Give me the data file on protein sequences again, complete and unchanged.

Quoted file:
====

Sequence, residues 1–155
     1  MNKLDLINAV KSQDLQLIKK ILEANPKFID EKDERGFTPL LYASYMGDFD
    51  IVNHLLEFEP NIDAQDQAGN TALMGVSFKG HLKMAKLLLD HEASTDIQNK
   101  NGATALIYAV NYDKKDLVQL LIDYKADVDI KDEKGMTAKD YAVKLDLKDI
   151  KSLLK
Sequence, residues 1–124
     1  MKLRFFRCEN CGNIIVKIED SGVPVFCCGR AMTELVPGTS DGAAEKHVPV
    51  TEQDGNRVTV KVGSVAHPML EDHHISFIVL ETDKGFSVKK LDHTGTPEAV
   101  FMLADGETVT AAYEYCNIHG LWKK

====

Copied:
Sequence, residues 1–155
     1  MNKLDLINAV KSQDLQLIKK ILEANPKFID EKDERGFTPL LYASYMGDFD
    51  IVNHLLEFEP NIDAQDQAGN TALMGVSFKG HLKMAKLLLD HEASTDIQNK
   101  NGATALIYAV NYDKKDLVQL LIDYKADVDI KDEKGMTAKD YAVKLDLKDI
   151  KSLLK
Sequence, residues 1–124
     1  MKLRFFRCEN CGNIIVKIED SGVPVFCCGR AMTELVPGTS DGAAEKHVPV
    51  TEQDGNRVTV KVGSVAHPML EDHHISFIVL ETDKGFSVKK LDHTGTPEAV
   101  FMLADGETVT AAYEYCNIHG LWKK